San Diego’s plan to convert wastewater to potable water using so-called toilet-to-faucet technology has removed the last regulatory hurdles and could be operational by 2025.
On Saturday, the San Diego Union-Tribune newspaper reported:
San Diego is poised to begin construction on the highly anticipated Pure Water wastewater recycling system now that city officials have cleared a lawsuit that delayed the project by 18 months and raised its estimated cost to $ 5 billion, city officials said.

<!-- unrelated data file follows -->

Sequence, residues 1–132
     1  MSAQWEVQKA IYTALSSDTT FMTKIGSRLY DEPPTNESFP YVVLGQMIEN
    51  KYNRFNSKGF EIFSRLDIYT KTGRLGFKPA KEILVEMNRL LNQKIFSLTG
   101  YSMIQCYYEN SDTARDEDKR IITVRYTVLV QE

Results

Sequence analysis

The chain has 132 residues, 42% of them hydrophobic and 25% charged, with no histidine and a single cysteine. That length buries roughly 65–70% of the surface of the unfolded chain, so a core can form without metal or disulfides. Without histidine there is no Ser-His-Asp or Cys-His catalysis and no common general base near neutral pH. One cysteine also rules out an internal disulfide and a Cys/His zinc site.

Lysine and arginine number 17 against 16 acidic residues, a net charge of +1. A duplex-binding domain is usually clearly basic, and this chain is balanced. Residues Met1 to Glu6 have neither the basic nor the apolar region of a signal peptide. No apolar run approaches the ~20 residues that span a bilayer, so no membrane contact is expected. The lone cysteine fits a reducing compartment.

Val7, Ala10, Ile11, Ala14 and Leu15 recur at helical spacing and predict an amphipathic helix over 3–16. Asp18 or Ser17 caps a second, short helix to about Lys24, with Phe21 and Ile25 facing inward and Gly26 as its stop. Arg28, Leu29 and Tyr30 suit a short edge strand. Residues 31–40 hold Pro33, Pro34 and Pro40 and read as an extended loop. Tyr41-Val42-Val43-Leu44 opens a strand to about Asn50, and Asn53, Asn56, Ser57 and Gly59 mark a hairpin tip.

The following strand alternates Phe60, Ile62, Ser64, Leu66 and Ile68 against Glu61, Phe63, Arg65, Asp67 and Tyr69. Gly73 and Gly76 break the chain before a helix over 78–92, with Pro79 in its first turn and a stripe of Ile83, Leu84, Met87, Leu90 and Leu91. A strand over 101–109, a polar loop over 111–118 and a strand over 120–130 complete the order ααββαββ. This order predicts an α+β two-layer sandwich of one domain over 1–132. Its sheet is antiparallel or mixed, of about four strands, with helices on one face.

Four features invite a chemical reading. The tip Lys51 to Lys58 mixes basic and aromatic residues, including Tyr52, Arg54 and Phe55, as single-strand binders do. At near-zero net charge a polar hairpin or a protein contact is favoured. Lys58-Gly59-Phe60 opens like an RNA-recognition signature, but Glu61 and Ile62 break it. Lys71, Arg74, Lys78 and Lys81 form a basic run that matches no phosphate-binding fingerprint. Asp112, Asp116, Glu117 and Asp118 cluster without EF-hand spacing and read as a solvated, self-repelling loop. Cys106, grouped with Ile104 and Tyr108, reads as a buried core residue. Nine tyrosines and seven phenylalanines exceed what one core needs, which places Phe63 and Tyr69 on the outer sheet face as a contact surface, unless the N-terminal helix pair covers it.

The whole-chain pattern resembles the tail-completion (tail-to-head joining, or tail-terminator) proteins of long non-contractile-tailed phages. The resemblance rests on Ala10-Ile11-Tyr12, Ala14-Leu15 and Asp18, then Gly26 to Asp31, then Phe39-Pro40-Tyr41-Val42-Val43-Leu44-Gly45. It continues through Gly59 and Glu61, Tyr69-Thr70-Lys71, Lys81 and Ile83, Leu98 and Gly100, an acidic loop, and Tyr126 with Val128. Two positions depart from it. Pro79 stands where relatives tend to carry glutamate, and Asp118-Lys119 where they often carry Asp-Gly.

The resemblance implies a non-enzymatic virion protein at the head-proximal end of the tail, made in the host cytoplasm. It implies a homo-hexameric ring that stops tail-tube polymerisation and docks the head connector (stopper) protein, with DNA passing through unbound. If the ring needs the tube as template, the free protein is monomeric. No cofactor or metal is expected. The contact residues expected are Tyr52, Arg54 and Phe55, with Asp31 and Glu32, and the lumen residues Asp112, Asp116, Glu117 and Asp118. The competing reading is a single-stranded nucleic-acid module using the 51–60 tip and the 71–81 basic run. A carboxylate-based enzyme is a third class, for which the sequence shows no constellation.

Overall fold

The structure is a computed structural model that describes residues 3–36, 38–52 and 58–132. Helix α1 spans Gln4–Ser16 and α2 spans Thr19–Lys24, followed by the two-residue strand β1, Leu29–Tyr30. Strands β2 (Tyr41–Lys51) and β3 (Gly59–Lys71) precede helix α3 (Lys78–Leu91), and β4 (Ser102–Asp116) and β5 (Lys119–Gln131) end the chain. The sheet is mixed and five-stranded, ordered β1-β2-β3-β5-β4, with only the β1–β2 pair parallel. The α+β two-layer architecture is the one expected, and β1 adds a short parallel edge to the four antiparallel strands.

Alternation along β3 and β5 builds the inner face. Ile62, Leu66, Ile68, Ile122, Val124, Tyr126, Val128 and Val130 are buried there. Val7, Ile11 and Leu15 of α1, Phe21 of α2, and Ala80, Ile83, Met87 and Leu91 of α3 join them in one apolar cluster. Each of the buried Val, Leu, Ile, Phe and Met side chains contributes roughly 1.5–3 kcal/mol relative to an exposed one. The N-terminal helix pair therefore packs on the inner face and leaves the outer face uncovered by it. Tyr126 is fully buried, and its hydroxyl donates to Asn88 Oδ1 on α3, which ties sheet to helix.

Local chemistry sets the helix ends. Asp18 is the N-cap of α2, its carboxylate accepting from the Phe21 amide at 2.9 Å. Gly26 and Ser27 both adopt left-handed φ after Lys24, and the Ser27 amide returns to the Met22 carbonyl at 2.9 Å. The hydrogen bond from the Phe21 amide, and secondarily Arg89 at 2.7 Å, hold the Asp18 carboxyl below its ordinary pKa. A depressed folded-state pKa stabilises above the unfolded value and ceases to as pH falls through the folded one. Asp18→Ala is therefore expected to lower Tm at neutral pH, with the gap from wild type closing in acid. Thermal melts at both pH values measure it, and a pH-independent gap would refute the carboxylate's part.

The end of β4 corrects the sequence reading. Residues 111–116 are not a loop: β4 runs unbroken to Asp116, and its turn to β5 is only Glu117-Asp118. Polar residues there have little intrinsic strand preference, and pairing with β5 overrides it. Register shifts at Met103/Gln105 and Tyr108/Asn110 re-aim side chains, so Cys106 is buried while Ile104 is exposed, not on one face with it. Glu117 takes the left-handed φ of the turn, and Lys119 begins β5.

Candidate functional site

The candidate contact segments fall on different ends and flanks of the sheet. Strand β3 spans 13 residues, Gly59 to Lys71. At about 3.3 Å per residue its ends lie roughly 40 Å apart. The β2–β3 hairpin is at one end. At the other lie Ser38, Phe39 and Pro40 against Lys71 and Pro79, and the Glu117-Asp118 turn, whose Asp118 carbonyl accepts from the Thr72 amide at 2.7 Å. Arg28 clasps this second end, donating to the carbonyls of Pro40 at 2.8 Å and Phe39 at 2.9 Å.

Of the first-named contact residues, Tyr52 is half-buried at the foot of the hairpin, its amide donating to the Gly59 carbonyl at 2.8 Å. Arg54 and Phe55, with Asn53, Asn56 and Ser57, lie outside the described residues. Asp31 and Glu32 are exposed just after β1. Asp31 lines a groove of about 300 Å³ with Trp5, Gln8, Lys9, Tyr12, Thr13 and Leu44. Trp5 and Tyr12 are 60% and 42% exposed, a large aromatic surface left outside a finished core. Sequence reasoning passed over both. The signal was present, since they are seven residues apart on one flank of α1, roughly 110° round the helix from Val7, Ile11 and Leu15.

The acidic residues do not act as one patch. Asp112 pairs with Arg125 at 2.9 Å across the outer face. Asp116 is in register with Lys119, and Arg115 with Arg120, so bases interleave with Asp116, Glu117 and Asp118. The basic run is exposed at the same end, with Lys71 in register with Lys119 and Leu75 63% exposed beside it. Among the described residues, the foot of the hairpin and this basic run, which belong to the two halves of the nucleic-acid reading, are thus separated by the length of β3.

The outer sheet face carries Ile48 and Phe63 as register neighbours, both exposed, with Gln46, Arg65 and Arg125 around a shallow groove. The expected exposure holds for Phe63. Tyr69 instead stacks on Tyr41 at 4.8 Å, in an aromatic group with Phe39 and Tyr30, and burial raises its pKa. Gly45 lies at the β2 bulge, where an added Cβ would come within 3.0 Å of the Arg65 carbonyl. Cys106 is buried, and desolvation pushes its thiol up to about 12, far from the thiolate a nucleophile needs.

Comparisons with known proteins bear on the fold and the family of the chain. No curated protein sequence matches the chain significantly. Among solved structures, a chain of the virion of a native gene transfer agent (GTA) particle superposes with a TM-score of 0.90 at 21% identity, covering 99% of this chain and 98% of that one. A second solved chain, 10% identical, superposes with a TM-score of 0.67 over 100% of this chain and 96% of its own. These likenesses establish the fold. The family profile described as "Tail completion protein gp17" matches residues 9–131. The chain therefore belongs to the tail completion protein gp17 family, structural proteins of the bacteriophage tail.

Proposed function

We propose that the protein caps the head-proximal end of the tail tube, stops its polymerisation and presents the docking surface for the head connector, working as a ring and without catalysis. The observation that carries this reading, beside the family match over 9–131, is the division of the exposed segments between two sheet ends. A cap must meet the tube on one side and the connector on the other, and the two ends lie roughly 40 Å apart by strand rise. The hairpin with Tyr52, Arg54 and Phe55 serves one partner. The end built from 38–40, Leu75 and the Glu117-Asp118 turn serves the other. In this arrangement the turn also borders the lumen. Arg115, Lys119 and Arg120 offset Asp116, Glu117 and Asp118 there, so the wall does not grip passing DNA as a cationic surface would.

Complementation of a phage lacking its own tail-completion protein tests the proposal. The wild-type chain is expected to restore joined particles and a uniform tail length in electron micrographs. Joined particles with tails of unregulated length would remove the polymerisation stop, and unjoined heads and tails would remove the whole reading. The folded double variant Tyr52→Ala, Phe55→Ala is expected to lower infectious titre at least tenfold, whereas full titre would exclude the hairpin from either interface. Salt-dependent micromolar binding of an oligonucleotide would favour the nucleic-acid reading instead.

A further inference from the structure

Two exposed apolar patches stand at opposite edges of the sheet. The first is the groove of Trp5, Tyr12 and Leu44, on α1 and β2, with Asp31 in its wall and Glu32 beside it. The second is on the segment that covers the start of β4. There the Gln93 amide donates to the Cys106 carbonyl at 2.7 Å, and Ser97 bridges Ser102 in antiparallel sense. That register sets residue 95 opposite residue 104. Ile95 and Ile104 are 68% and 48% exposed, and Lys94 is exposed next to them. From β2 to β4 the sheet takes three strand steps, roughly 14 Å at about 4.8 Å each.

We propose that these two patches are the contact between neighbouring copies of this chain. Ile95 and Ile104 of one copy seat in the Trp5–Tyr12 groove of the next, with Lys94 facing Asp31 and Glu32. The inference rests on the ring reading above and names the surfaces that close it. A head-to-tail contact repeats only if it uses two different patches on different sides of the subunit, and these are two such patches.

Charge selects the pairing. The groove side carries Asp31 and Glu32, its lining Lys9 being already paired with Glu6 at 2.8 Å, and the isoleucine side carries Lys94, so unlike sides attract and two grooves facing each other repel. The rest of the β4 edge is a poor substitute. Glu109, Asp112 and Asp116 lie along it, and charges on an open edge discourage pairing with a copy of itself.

Pure Water will increase San Diego’s water independence by converting 83 million gallons of treated wastewater into drinking water by 2035.
All regulatory permits have been obtained for the construction of a large wastewater treatment plant, which is scheduled to open in 2025 near Miramar.
Given that the droughts plaguing the US state of California will intensify and become even more frequent in the future, it may seem that desalination and other methods of creating fresh water may be the solution.
Both desalination and toilet-to-faucet use new developments in reverse osmosis technology, which extracts clean water from seawater or wastewater.
However, wastewater treatment is “cheaper and less energy intensive than desalination”.